Take the 2-minute tour ×
Stack Overflow is a question and answer site for professional and enthusiast programmers. It's 100% free.

I want to log all errors in my browser side JavaScript code. I saw a lot of discussions here and on the net about window.onerror and it is clear it does not work cross browser. So, I plan to wrap top level entry functions with try - catch. Trouble is, a lot of my code is event handlers. I have not tested it yet, but I am pretty sure that no matter where the event handler function is defined, a thrown error will fire out directly to the browser implementation that calls it, not to event function declaring code. My only choice is to declare throw, catch and error log calls in every error handler even the tiniest anonymous one. I don't like that one bit.

A possible solution:

I use one method to cross browser register events. I can modify it to do something like this:

function registerEventHandler(object, handlerRef) {
  var wrapperFunction = function(evt) {
  try {        
    handlerRef(evt);
  } catch {
    logError(error);
  }
  registerEvent(object, wrapperFunction);
}

There is one major problem with that implementation. I often keep references to event handler function in order to deregister them later. This will not work as the function registered as the handler will be the wrapper, not the original one. The answer to this is to implement a wrapper -> wrapped mapping object and use it on unregister.

The question:

I dare you JavaScript magicians to come up with more clever solution than that. Maybe it could be done by somehow augmenting the event handler function before registration? This is a far as my JavaScript knowledge goes. What about yours?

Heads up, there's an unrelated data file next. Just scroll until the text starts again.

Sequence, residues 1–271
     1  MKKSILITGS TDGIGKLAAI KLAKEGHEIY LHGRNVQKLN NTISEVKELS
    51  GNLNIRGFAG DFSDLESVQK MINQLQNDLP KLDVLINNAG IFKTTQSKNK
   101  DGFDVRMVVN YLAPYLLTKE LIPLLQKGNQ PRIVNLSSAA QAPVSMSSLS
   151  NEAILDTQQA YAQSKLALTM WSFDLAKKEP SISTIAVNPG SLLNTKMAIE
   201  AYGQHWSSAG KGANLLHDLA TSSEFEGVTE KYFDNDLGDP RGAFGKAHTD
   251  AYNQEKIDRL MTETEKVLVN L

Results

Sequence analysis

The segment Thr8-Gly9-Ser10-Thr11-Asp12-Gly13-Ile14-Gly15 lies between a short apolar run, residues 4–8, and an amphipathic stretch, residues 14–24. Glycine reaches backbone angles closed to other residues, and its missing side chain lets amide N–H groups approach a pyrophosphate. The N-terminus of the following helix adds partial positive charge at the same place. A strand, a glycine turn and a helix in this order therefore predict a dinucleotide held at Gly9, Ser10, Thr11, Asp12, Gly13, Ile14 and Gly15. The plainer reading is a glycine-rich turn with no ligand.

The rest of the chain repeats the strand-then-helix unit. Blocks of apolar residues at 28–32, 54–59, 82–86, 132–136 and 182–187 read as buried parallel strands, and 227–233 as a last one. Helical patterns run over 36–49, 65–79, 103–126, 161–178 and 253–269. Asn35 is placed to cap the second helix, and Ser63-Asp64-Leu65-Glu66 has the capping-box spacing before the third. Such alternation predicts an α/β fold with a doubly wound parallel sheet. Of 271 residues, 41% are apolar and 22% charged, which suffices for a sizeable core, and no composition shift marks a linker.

share|improve this question

1 Answer 1

up vote 1 down vote accepted

I often keep references to event handler function in order to deregister them later. This will not work as the function registered as the handler will be the wrapper, not the original one.

Why is this a problem? once the function is wrapped in the error handling, you dont really care about the original function anymore. The wrapper keeps a reference to your original function, and the wrapper is what is registered, and the wrapper is what needs to be unregistered.

Just keep a reference to your wrapper function you generate because its the only one that matters.


Also making it it's own function will make this pattern far more reusable

var protectErrors = function(fn) {
  var that = this;
  return function() {
    try {
      fn.apply(that, arguments);
    } catch(error) {
      logError(error);
    }
  };
};

var registerEventHandler = function(object, handlerRef) {
  var wrapperFunction = protectErrors(handlerRef);
  registerEvent(object, wrapperFunction);
};

protectErrors(fn) will return a function that runs the original in whatever context it was called in, and forwarding any number of arguments.

share|improve this answer
    
It is not much of a problem Squeegy, it is just more overhead. I don't want it I can help it. –  avok00 Feb 10 '11 at 8:43
    
+1 For protectErrors, thanks ;) –  avok00 Feb 10 '11 at 8:46
    
(Minor update to make protectErrors more generalized, btw). Well as far as overhead if you cant use global error handling, the only other choice is local try catches. not really a way around that. –  Alex Wayne Feb 10 '11 at 8:52
    
why do you assign this to that, before calling apply? –  avok00 Feb 10 '11 at 15:59
    
Because the inner function loses it's connection to this. Assigning this local variable outside the inner function allows it to stick around. stackoverflow.com/questions/4886632/… –  Alex Wayne Feb 10 '11 at 16:08

Your Answer

 
discard

By posting your answer, you agree to the privacy policy and terms of service.

Not the answer you're looking for? Browse other questions tagged or ask your own question.